Labour’s number one priority is to force a general election by tabling and winning a motion of no confidence in the government, and rightly so.
However, if our motion of no confidence is not passed by the House of Commons, then we must be ready to explore all other steps and options.
For over two years now i have been arguing for a Norway plus-based Brexit, and I am working with a cross-party group of MPs to achieve that aim.
Below is an explanation of how Norway plus would work in practice. I hope that you find will it useful and informative.
Please don’t hesitate to contact me by e-mail on firstname.lastname@example.org, should you have any questions
The Brexit negotiations have reached crunch point.
The Prime Minister has agreed a deal with the European Union.
In a few weeks MPs will have to vote. The parliamentary arithmetic looks very challenging.
The chances of no deal are rising day-by-day.
The UK needs a Plan B.
One that can work for the UK and the EU.
One that both Leavers and Remainers can back.
One that delivers on the referendum result.
That plan is ‘Norway Plus’.
Norway Plus is the only alternative plan that the EU might sign up to at this late stage
Norway Plus is the only alternative plan which might win a Parliamentary majority
Norway Plus is the only alternative plan that would protect jobs and preserve the Union of the UK
What is involved in Norway Plus?
The UK accepts the current draft Withdrawal Agreement in full but renegotiates the Political Declaration and agrees that Norway Plus will be the basis of our future relationship with the European Union
At the end of the transition (or sooner by agreement), the UK joins the European Free Trade Association (EFTA)
On its accession to EFTA, the UK moves into the EFTA pillar of the European Economic Area (EEA), the common market that binds the economies of the EU with the economies of Norway, Iceland and Liechtenstein
At the same time the UK joins a customs union or other customs arrangement with the EU, which makes it possible to maintain no hard border in Ireland in perpetuity
As soon as the UK's membership of the EEA has been reactivated by our accession to EFTA, the backstop protocol in the Withdrawal Agreement falls away
By December 2020 the UK leaves the jurisdiction of the European Court of Justice and joins the EFTA Court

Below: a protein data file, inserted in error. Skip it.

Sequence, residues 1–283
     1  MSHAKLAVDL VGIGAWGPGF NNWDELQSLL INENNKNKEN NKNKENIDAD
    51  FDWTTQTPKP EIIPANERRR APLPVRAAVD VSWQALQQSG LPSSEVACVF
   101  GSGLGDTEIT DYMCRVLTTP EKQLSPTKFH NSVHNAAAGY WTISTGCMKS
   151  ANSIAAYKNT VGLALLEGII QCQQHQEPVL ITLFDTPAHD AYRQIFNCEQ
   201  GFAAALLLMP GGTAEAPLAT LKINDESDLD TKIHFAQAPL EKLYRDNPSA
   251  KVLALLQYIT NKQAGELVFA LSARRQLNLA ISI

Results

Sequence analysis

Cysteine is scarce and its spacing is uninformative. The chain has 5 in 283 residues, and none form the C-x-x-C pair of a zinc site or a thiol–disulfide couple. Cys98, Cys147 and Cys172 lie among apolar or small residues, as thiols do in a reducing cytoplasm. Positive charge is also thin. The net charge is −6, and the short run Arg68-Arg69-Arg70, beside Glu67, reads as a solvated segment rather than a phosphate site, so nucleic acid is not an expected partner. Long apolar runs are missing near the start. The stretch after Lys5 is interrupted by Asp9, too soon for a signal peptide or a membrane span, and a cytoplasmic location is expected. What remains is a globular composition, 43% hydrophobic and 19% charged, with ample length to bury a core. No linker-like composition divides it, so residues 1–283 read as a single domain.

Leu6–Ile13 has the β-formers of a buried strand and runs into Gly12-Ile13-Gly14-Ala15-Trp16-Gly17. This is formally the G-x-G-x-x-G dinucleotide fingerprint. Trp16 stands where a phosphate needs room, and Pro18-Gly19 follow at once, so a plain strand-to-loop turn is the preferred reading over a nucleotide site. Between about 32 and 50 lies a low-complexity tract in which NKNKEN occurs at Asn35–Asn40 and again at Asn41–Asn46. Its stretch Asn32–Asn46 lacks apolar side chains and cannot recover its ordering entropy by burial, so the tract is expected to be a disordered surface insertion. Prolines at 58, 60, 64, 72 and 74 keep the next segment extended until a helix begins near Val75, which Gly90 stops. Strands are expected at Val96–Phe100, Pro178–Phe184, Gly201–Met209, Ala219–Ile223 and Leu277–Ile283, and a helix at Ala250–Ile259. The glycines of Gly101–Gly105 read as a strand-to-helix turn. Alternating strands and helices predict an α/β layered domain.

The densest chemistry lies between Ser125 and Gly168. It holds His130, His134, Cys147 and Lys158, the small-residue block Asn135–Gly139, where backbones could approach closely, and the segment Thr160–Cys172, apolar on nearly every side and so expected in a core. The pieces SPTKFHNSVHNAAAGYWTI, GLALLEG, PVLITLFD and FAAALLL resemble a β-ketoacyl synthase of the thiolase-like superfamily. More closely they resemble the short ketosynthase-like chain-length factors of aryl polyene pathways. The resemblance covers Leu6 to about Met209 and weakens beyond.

By December 2020 the UK leaves the Common Agricultural Policy
By December 2020 the UK leaves the Common Fisheries Policy and becomes an independent coastal state
After December 2020 the UK remains in the Single Market and can take part in EEA/EFTA "decision-shaping" for new Single Market regulations and directives
After December 2020 the UK remains subject to freedom of movement but has a new reserve power which might be used to impose temporary limits on immigration if "serious economic, societal or environmental difficulties" arise
After December 2020 the UK remains outside the Schengen 'open borders' regime
What are the advantages of Norway Plus?
Norway Plus is the only alternative deal that the EU is ready to sign up to
EEA and EFTA already exist so joining them wouldn’t require the negotiation of a bespoke set of arrangements
Unlike a Canada-style Free Trade Agreement (FTA), the EU could agree to Norway Plus straight away
The EU's chief negotiator, Michel Barnier, and both the Irish and Norwegian Prime Ministers have all spoken in favour of the idea
Norway Plus is the only deal that can win a Parliamentary majority
Unlike a Canada-style FTA, no deal or a second referendum, Norway Plus is likely to secure the support of a majority of MPs
Norway Plus would deliver the result of the 2016 referendum on schedule
Norway Plus provides a platform from which we could negotiate a longer-term deal securing greater control
Norway Plus is the only alternative deal that would protect jobs and preserve the union of the UK
Unlike a Canada-style FTA and no deal, Norway Plus would prevent a hard border in Ireland
Norway Plus would protect manufacturing supply chains and jobs, and maintain frictionless trade with the EU
Norway Plus would not require Northern Ireland to accept different rules than the rest of the UK
Norway Plus Q&A
Is there enough time to negotiate a Norway Plus agreement before March 2019?
Norway Plus would not require any change in the Withdrawal Agreement. There is more than enough time to negotiate and conclude a new Political Declaration enshrining Norway Plus as the basis for the UK's future relationship with the EU. The transition ("Implementation Period") would give us the time we would need to finalise and implement the agreement with the EU and the EFTA states.
Isn’t it clear that the EU won’t agree to the UK pursuing a Norway-style arrangement?
No. Michel Barnier, the EU’s Chief Negotiator, has always said that a model that combined EEA/EFTA and a customs union was one that he would be happy to consider. Norway Plus would preserve frictionless trade and not threaten the EU’s cherished ‘4 freedoms’.
To join the EEA doesn’t the UK have to be a member of the EU or EFTA first?
The UK is already inside the EEA and would be able to retain membership. We would apply to join EFTA and the EFTA pillar of the EEA.
Is a customs arrangement that preserves no hard border in Ireland compatible with article 56(3) of EFTA?
It will involve a derogation from the EFTA Agreement that will require the approval of the existing EFTA states. Both the Norwegian Prime Minister and the Icelandic Foreign Minister have stated publicly that they would welcome a British application to join EFTA and stay in the EEA. Furthermore it would be in their interests to do so. The UK is Norway’s largest export market. We are Iceland’s second largest market.